This captivating plant lives up to its common name as it produces many small flowers on long arching stems that truly give the impression of whirling white butterflies in the garden. The charming small white flowers last only one day, but are reliably produced from early summer through to late autumn. While it is native to the Texas / Louisiana area, it has shown an ability to survive long dry spells. A distant cousin of Evening Primrose, ‘Whirling Butterflies’ has lance-like leaves more numerous towards the base of the plant, becoming smaller and more sparse above the base. The gradually less leafy and thin flowering stems enhance the soft texture and whirling impression the flowers give. Somewhat attractive to bees, I have not seen many butterflies visiting this plant. ‘Whirling Butterflies’ provides white flowers, while the variety called ‘Siskiyou Pink’ has pink flowers on a slightly shorter plant.
Gaura lindheimeri mixes well with low water plants, especially ornamental grasses with which the flower stems can intermingle in a summer breeze. It doesn’t mind the heat, so it is also great along a wall with southern or western exposure.
Scientific Name: Gaura lindheimeri ‘Whirling Butterflies’. Several cultivars such as ‘Siskiyou Pink’, ‘Pink Cloud’, ‘Cloud of Butterflies’, and ‘Summer Breeze’.
Plant Type: Perennial
Mature Height: 24”-48”
Mature Spread: 24”-36”
Cold Hardiness Zone: 5 – 9. Protect roots in colder areas with mulch. Some cultivars may not be as cold hardy as ‘Whirling Butterflies’.
Water Requirement: Moderate water needs, but is drought tolerant. Prefers well-drained soil.
Exposure: Full Sun to light shade.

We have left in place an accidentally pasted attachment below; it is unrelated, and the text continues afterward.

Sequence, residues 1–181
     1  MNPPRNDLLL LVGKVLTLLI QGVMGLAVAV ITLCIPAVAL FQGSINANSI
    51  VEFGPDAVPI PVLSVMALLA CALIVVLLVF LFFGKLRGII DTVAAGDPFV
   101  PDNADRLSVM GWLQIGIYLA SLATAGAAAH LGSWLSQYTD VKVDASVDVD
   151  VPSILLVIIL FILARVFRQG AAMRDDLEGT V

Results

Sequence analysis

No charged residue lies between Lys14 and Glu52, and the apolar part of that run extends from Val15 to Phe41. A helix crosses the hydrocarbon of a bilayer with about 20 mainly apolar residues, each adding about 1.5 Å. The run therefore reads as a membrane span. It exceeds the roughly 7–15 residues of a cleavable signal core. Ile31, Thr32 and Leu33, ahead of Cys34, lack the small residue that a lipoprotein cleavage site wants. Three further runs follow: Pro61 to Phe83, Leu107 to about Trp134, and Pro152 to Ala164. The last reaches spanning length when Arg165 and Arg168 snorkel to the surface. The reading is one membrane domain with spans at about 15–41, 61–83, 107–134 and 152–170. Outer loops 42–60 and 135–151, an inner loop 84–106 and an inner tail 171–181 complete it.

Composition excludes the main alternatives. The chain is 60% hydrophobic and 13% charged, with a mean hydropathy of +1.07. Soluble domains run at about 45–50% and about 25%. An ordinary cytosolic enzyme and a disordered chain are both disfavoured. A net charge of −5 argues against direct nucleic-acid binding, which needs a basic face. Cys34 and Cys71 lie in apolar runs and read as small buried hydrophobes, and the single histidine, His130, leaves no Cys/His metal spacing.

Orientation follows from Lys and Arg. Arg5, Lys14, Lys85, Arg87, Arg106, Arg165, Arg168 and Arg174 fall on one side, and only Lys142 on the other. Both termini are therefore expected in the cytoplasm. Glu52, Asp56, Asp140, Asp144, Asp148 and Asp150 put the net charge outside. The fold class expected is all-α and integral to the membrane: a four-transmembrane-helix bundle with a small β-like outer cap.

Flower Color & Bloom Time: Flowers are white in ‘Whirling Butterflies’, pink in some cultivars such as ‘Siskiyou Pink’. Blooms appear in early summer and continue in fall through the first frost.
Winter Interest: The long wispy flower stems remain, peppered with seeds produced from the former flowers.
Best Features: Attractive four petaled flowers that appear over a long period. Flowers are borne on long wispy stems that whirl in the breeze. This plant starts flowering in the middle of summer and continues flowering through late in the fall.
Disadvantages: The flowering stems arch and can flop over onto to neighboring plants. ‘Whirling Butterflies’ reseeds easily; unknown if the cultivars reseed as easily.
Availability and Sizes: This plant seems to be regularly available. The pink cultivars are seen more often. White-flowered ‘Whirling Butterflies’ is propagated easily by seed.
Maintenance Tip: If you’d like the white ‘Whirling Butterflies’ to naturalize, leave the wiry stems through winter so seeds will be dispersed in your garden. If you want to avoid reseeding, cut and remove the stems with seeds. Pinching it back in early summer may thicken the plant, providing more blooming stems.
Wildlife Value: Bees are moderately attracted to this plant. With its long flowering season, it is one of the last flowers available to bees in fall.